It’s funny how the world could not
Hold anything perfect
And we keep forcing the future
Into our hands—
Stitching our arms with loom bands
Made of ancient pain—
Their colours not the same
That tells a lot about our sins.
It’s funny how the world becomes
The land of the dead
Yet the breeze keeps telling us
How alive we are,
Even though our veins run water—
Hearts beating backwards
And minds crisscrossed
In a lame-end unorthodox.
We outwore our hands on to putting strings
On this small, fragile—half-broken—, inaudible violin
Our feet laid into nothingness
As we walk across the skin
Of the universe.
We sing the songs sung by our ancestors,
Our chaotic voices pieced together—
Whirling and whirling around the corners
Of the sea, we stand ashore.
This world cannot fit—furl—
Into a poem.
We—the people of wroth—
Share a piece of breath among ourselves,
For this world cannot
Burn the fury of our lungs.
Fear and dubiety, like a pack of wild dogs,
Hunt us out of our haven—
Running toward us with receding
Thine eyes filled with emptiness;
Look through mine and see the void—
Same as yours and theirs,
For I can see the sound in your mind,
And can hear the stillness
Of your soul.
What brings to me, muse tonight?
This night—birthed of a darkling owl—
Speaks of silence:
Piercing through the unweighted, grey sky.
I could bid you farewell a hundred times of life,
Do not take one of those into your belly—
Do not let one reach the tip of your throat.
If you find me ripped out of my body—
Torn out of flesh and bones and grey blood;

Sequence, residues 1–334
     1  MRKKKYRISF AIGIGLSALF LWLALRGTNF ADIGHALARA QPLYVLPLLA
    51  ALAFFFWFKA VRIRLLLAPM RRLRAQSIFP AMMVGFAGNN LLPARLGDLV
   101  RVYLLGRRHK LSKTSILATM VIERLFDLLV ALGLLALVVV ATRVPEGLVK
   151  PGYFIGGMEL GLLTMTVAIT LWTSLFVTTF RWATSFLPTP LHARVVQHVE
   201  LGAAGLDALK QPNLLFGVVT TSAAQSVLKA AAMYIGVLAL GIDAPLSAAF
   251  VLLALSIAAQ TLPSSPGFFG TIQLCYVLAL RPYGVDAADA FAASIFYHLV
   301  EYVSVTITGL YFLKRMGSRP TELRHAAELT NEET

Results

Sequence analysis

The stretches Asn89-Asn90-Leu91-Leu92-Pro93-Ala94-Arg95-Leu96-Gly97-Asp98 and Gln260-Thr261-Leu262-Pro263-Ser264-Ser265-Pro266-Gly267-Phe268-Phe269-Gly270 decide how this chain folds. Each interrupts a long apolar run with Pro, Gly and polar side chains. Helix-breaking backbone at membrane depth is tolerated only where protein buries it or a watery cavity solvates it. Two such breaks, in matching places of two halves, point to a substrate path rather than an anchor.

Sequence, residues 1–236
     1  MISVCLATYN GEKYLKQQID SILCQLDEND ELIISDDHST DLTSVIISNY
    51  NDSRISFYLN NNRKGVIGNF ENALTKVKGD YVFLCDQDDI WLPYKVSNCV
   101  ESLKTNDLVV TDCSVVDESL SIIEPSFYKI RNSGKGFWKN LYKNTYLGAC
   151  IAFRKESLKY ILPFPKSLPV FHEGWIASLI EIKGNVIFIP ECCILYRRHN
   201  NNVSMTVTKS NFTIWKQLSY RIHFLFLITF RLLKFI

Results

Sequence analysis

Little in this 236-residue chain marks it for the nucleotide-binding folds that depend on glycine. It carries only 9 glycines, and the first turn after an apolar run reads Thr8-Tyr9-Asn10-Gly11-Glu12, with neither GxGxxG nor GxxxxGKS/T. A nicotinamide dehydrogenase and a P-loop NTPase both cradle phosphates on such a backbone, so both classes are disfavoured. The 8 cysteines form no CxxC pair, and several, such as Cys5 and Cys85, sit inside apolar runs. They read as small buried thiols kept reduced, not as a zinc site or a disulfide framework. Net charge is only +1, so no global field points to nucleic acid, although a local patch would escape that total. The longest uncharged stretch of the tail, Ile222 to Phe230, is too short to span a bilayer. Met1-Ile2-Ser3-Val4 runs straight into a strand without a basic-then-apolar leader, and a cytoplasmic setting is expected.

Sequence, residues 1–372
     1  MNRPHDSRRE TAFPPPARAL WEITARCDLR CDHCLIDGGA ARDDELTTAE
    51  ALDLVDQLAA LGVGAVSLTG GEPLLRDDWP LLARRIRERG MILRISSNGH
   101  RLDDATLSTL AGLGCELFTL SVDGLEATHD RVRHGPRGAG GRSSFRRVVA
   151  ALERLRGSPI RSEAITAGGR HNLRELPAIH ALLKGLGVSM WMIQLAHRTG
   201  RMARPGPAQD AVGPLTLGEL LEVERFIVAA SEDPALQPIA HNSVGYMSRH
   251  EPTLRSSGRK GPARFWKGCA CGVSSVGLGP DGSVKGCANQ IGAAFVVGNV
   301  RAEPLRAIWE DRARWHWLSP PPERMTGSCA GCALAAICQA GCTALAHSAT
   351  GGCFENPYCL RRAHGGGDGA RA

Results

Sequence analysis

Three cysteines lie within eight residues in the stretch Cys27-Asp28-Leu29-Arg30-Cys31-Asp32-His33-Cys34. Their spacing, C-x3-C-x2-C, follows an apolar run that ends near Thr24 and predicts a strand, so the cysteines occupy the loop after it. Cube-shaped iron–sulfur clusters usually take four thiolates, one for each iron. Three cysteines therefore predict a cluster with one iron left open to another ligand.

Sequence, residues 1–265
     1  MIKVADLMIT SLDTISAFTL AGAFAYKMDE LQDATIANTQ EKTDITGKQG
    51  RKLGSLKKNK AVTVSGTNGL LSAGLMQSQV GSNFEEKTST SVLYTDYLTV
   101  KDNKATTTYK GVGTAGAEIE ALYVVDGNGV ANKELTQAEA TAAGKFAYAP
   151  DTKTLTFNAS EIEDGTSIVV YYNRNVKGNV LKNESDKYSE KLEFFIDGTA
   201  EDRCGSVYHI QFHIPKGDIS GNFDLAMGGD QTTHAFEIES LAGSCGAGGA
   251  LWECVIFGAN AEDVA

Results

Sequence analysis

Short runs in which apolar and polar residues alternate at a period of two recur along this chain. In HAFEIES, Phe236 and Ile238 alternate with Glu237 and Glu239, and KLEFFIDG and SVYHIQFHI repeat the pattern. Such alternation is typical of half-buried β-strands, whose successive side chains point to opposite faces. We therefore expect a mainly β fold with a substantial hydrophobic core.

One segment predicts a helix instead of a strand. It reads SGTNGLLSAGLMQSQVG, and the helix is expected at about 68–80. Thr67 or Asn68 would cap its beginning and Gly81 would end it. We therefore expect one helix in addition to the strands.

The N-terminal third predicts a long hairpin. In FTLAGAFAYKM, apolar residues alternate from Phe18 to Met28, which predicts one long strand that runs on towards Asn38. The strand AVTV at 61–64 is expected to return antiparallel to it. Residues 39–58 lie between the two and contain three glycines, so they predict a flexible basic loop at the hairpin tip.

Take a piece of me to the museum, where my ancestors were put forth
And bury the rest of me deep down your skin and hair.
Meanwhile a family of four—of a single
Mother—works hand-in-hand to plant
The seed of false hope in their skin.
“The world…” says the smallest child
“…looks like a rotten, unbroken egg
In the nest of a dying bird—
Its shape’s like a raindrop, and reeks
Of father’s memory.”
They run into hiding places when it gets
Dark— run down the skin of the earth,
Leaving their footprints of grief pattern
A child whose father once told “you were made
Of tulip’s skin” —was left with hot ashes
On her tongue—
Walks upon her mother’s shadow.
“The world is beautiful and brutal”;
All the wild greenness
The soil, sharpen, cut
The roads and paths and ravines
Off their feet—
“The world is beautiful but misunderstood”;
The third child vocalises his pain—
Although the world
Is not an element of his symphonic poem
“The world is twisted in our palms/fingers”
Says the mother:
“So we can sweep our lives off
The lame-end unorthodox”
About the author
Najeeb Yusuf Ubandiya is a poet from Niger, Nigeria—who finds peace and freedom in writing poetry. He’s written a hundred poems, but “UNORTHODOX” is his first poem to have appeared in a publication.